The U.S. real-estate market has stormed back over the past five years after enduring its most brutal period since the Great Depression. The rebound has rewarded investors and boosted the overall economy.
The Dow Jones U.S. Real Estate Index, whose components include real-estate investment trusts as well as mortgage, realty and forestry companies, has climbed 92% since early 2009. That gain, amid a rise of about 20% in the median price of new and existing homes over the past two years, is a bit less than the 114% rise for the S&P 500 index. But it's an impressive recovery for a sector devastated by a historic slump starting in mid-2007.
Now, however, there are growing signs of a slowdown. While the current weakness could provide investors with an opportunity to place new wagers at lower prices, analysts warn that the environment has become more challenging. If the Federal Reserve begins raising interest rates next year, as expected, it could become harder to make money from real-estate investments, the analysts say.
Home prices around the U.S. rose 9.3% in May from a year earlier, according to the Case-Shiller index. But that rise was less than forecast and represented the lowest annualized gain since February 2013. On a monthly basis, home prices fell 0.3% in June, the first negative month since January 2012.
Peter Boockvar, chief market analyst at Lindsey Group, notes that the supply of homes for sale today represents 5.8 months of demand, the most since October 2011. All regions have seen declining new-home sales lately, and new mortgage applications are also slipping.
"The first-time home buyer is just not the factor that it once was," he says. "Without the first-time home buyer, and now with a reduction in the pace of investor purchases, the recovery will remain lumpy."
For home buyers, the slowdown is good: Slowing price gains and low interest rates make homes more affordable.
"From an individual perspective, the best investment you can make is to buy a primary residence," John Paulson, who runs hedge fund Paulson & Co., recently said. "Today financing costs are extraordinarily low. You can get a 30-year mortgage somewhere around 4½%."
It's a much more challenging environment for real-estate investment trusts, or REITs. These are shares of firms that own and operate hotel, office and other commercial real-estate, and invest in mortgage securities (though the category can include companies involved in other industries). They pay at least 90% of their taxable income to shareholders as dividends.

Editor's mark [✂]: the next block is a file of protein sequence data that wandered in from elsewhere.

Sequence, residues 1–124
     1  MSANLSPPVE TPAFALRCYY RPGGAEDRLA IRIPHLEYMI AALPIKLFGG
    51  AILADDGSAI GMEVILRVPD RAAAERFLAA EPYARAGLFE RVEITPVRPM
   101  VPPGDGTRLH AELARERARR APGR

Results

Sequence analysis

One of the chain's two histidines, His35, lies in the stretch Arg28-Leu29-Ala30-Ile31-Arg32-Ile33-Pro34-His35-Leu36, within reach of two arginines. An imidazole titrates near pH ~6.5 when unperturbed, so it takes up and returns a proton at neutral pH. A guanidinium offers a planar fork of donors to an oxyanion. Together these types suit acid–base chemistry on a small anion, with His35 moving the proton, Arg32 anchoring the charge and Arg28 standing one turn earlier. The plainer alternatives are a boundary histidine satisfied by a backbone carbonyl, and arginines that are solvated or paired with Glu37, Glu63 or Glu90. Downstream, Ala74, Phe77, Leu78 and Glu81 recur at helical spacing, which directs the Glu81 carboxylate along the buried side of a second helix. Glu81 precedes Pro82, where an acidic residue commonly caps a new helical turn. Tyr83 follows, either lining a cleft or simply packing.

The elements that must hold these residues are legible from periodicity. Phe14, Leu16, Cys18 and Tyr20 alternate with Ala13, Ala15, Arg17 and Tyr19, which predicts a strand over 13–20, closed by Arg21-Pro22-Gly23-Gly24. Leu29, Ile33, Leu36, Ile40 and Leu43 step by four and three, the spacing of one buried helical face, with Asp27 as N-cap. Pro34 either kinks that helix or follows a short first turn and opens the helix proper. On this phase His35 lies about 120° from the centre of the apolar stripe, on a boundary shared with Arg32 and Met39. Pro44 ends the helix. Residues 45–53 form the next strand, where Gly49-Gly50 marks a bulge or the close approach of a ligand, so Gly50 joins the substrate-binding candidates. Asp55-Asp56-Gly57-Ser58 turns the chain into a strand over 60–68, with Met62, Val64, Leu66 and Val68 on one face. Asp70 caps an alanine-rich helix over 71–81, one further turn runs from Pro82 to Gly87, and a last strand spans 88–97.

REITs have been among the best performers for much of the year, partly because they yield nearly 4% on average. That's attractive in a low-rate environment. The MSCI U.S. REIT Index is up about 15% this year, well ahead of the overall stock market.
But REITs could come under pressure if interest rates rise. Last week, yields on 10-year Treasurys climbed as evidence grew that the U.S. economy had firmed, making a rate boost more likely. Further, REITs are considered expensive based on "adjusted funds from operations," a widely used metric for valuing these shares.
As worrisome: The best-performing REITs have been those associated with more debt and risk, says Mike Kirby, director of research at Green Street Advisors, which specializes in REIT research. "Smaller, highly levered REITs with lower-quality property portfolios [have] outperformed," Mr. Kirby says.
Larger, high-quality REITs with lower levels of borrowing have tended to do better over the long term, so they're a better bet during the new period of uncertainty, some analysts say.
Examples of safer and attractive REITs, Green Street says, include Sam Zell's Equity Residential (EQR) and Retail Properties of America (RPAI), which have dividends of approximately 3% and 4%, respectively.
Still, it's likely a mistake to become too bearish on housing. Analysts at Barclays still expect housing prices to rise about 7% this year. Las Vegas, San Francisco and Miami remain strong, while Cleveland, Charlotte, N.C., and New York have lagged.
"Double-digit home-price gains were unsustainable" because income growth has been about 2%, says Mr. Boockvar. "We should be cheering slower home-price gains, not fearing them, because it is the main factor that will entice the newly created household to consider buying instead of renting."
Todd Mansfield, chief executive of real-estate developer Crescent Communities, encourages investors to look at REITs and other companies focused on the Sunbelt region. "A growing employment base has helped to diversify and strengthen that region's economy, especially in secondary cities such as Austin, Nashville, Raleigh and Charlotte, N.C.," he says.
REITs including Camden Property Trust (CPT), Mid-America Apartment Communities (MAA) and Associated Estates Realty (AEC) are focused on the Sunbelt, Mr. Mansfield says. He's a fan of office REITs including Highwoods Properties (HIW) and Cousins Properties (CUZ).
Some home builders, such as WCI Communities, which left bankruptcy five years ago, also could do well because they focus on growing areas such as Florida, Mr. Mansfield says. "You can still invest in real estate but your head needs to be on a swivel and you need to be ready to get out fast" if rates rise and the overall investing environment sours, says Matthew Tuttle, who runs Tuttle Tactical Management.
He recommends exchange-traded funds that focus on REITs such as the SPDR Dow Jones REIT (RWR) and iShares US REIT (IYR). ETFs give investors a low-cost, diversified way to invest in real estate and are actively traded, enabling them to buy and sell easily.
Orignial Article By: Gregory Zuckerman